The State offered the testimony of Frank Bradsher, the assistant district attorney who negotiated defendant's plea agreement, Agent Inscoe, and Regina Moore, an attorney who represented a co-defendant and was present at the sentencing hearing. Mr. Bradsher and Agent Inscoe testified that no offer or agreement was made with respect to defendant's sentence. Ms. Moore testified that no sentencing offers were made with respect to the co-defendant she represented, and that she was present at counsel table during defendant's sentencing hearing and observed nothing unusual happen between defendant and Mr. Griffin.
    On 31 October 1997, the trial court entered an order denying defendant's motion for appropriate relief. The court made detailed findings of fact and concluded that: (1) “any acquaintance of the defendant's lawyer with the victim[s] of defendant's crime standing alone is not sufficient to warrant setting aside defendant's plea of guilty,” (2) defendant failed to show he was prejudiced by any relationship between his counsel and the victims, (3) defendant was not induced to plead guilty, and (4) defendant's guilty plea was voluntarily made with full knowledge of its consequences. Defendant's petition for writ of certiorari to review the trial court's order wasallowed on 9 October 1998.



    [1]Defendant assigns error to the trial court's exclusion of the hearsay statements allegedly made by Mr. Griffin. He contends the erroneous exclusion of that evidence precluded him from showing that his guilty pleas were involuntary and uninformed and he is therefore entitled to a new hearing on his motion for appropriate relief. He argues that the court should have admitted the statements pursuant to N.C.R. Evid. 804(b)(5), which is the residual exception to the hearsay rule that applies when a declarant is unavailable.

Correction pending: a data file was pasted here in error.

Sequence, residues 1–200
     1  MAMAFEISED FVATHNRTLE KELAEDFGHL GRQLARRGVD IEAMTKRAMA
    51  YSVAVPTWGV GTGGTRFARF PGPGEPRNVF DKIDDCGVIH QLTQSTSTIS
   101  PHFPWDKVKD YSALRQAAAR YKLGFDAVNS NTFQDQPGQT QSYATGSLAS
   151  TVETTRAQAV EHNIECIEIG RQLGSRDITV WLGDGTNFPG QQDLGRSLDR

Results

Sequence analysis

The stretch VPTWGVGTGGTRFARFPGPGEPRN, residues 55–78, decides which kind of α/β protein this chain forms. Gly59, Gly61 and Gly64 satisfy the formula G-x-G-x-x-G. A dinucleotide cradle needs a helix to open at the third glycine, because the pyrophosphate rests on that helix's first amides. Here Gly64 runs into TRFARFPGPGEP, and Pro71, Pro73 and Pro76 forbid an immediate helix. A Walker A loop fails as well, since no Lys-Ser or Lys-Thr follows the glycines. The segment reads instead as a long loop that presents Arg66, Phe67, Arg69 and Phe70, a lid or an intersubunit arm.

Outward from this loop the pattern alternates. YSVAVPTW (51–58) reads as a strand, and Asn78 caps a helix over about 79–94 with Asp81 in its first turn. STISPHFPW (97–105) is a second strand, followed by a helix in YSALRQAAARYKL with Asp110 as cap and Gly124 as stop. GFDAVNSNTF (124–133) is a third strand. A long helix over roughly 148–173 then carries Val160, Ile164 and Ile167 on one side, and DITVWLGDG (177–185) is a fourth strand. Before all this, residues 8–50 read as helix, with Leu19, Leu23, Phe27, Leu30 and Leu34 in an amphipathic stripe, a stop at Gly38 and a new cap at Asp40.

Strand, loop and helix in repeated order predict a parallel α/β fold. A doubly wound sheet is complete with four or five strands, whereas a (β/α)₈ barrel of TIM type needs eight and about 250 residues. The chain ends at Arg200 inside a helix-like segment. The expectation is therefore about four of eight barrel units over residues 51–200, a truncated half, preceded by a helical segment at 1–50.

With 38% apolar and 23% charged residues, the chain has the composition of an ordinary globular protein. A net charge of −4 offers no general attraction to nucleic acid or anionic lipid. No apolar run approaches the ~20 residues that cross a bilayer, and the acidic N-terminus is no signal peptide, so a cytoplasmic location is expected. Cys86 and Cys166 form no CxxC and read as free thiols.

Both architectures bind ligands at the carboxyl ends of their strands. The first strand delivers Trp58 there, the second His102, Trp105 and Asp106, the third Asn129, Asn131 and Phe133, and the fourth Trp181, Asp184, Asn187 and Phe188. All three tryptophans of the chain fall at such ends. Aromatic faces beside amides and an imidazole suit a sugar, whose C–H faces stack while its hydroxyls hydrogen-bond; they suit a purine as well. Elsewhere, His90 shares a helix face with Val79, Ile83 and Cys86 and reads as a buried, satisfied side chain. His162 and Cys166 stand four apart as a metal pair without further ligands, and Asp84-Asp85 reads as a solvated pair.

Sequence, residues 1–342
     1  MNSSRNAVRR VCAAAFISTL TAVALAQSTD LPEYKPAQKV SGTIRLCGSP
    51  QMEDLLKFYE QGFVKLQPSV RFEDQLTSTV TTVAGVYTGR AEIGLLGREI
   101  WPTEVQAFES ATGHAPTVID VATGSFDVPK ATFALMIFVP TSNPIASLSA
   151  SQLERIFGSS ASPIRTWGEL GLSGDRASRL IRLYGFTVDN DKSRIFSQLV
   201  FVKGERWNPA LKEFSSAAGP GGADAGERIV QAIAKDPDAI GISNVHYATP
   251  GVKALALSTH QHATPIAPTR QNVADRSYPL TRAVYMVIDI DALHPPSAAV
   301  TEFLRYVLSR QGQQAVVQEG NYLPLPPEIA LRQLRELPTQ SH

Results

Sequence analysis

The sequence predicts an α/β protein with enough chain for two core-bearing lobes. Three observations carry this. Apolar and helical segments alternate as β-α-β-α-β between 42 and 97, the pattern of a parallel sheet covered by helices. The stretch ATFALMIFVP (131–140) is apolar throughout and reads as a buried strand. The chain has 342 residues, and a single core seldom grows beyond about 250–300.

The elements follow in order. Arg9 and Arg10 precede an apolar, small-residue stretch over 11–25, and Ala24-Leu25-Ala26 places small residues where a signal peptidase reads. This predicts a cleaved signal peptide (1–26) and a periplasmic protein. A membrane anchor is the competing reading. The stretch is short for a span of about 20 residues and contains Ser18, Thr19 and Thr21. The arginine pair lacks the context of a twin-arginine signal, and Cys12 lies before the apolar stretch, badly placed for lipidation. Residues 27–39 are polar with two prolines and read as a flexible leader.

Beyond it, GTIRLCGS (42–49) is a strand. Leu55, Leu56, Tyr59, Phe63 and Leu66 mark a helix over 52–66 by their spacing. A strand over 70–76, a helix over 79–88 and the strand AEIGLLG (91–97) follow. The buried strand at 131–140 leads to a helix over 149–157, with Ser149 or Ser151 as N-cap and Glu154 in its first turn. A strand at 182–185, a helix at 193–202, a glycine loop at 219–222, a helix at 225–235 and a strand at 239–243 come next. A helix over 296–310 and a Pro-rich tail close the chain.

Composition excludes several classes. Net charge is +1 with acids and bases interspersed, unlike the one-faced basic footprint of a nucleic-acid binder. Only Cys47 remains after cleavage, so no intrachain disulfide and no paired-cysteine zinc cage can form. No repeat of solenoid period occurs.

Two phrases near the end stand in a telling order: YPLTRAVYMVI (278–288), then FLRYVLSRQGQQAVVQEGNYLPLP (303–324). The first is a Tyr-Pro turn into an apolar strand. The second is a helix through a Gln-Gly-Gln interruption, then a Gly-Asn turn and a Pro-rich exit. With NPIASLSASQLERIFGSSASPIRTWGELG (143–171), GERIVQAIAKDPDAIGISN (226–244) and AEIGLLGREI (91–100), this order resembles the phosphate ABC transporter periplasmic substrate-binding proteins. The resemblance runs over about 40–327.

In State v. Triplett, 316 N.C. 1, 340 S.E.2d 736 (1986), the Supreme Court set out a six-part inquiry for the trial court to use before admitting or excluding hearsay evidence pursuant to N.C.R. Evid. 804(b)(5). Through this inquiry, the court must determine: (1) that proper notice was given to the opponent about the evidence and the desire to have it admitted pursuant to 804(b)(5); (2) that no other hearsay exception applies to the statement; (3) that the statement possesses “'equivalent circumstantial guarantees of trustworthiness'” to the enumerated hearsay exceptions; (4) that the statement is material; (5) that the “statement 'is more probative on the point for which it is offered than any other evidence'” which could be otherwise produced; and (6) that "'the general purposes of [the] rules [of evidence] and the interests of justice will best be served by admission of the statement intoevidence.'" Id. at 9, 340 S.E.2d at 741 (quoting N.C. Gen. Stat. § 8C-1, Rule 804(b)(5)). The Court specified which portions of the inquiry required the trial judge to make findings of fact and conclusions of law, and which portions required the judge only to state his conclusion of law. Id.